Otherwise, don’t waste your time on this dog.

 


For Me and my Gal

November 15, 2019

Internet Movie Database          Movie Reviews

George Murphy, Judy Garland and Gene Kelly are vaudeville performers and there’s a love triangle and Judy’s brother gets sent off to WWI and stuff happens interspersed with song and dance numbers. You know how it goes.

This was a fairly mediocre movie for its time, been there done that. A couple of decent dance numbers, and for once Gene Kelly didn’t pull his hat over his ears…then suddenly they turn it into a huge patriotic spectacle for (in the movie) WWI but of course it was actually for WWII because this was made in 1942. Not only is the change jarring, but it’s eye-rollingly jingoistic and kind of boring, and detracts from any liking this otter had for the movie up to that point.

Not to mention the really clunky plot device they used to keep Gene Kelly from being drafted so he could go out and entertain the troops, find Judy, redeem himself, and be all patriotic and stuff.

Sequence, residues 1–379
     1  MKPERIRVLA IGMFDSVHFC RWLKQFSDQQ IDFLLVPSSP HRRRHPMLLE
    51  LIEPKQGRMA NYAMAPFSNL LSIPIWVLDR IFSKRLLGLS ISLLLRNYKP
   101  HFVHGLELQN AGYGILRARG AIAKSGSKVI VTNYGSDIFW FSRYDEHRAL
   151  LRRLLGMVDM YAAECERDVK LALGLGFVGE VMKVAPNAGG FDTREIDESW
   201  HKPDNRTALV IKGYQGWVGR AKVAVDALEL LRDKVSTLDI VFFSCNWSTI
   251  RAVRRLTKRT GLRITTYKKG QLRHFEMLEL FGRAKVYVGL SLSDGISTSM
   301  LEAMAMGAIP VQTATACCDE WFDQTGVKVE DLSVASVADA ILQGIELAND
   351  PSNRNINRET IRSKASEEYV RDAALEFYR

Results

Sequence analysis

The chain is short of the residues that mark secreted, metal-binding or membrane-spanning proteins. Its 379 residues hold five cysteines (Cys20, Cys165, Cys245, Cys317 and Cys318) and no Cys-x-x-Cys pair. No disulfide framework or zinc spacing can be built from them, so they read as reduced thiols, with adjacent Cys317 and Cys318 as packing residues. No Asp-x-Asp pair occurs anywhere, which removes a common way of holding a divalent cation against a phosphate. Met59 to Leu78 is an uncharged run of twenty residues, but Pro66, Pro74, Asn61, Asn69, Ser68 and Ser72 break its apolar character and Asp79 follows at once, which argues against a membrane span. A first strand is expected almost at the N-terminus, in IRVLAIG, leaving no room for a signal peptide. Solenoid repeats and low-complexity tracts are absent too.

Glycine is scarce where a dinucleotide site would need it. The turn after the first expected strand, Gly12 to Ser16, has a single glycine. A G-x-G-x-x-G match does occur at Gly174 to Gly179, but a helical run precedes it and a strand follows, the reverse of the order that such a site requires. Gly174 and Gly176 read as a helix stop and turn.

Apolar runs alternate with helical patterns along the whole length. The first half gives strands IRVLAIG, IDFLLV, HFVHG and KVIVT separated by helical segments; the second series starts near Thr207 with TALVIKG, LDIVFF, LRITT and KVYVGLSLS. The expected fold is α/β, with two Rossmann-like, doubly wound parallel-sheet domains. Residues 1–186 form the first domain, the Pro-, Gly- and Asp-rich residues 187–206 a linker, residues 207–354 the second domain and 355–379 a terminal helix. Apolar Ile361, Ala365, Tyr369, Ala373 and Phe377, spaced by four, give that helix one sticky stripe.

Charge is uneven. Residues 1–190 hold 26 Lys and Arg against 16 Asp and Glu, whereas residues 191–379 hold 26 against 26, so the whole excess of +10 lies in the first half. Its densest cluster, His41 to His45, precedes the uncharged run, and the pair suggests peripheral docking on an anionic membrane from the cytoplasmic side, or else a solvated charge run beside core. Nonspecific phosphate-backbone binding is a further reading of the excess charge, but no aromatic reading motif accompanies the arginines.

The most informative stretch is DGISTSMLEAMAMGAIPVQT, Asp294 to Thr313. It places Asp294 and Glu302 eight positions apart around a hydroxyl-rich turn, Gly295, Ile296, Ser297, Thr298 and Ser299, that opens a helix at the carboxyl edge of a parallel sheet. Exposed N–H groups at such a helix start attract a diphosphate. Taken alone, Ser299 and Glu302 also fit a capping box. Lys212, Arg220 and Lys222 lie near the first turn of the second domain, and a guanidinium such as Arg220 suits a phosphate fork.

Pretty lame, even for a musical of this era. Judy was certainly in there trying to keep it above water, but that was the only thing it had going for it.

 


Anything Goes

September 21, 2018

anything

Internet Movie Database         Movie Reviews

Two song-and-dance men on a sea cruise rehearsing a new show with two women, plus gangsters. Hijinks ensue.

This is a pretty badly done remake of a sparking and wonderful Cole Porter musical. Not only did P G Wodehouse co-write it, but Sidney Sheldon, he of Sexy Potboiler Thriller fame, had some kind of hand in it…and the script is just awful, even for a 50s musical.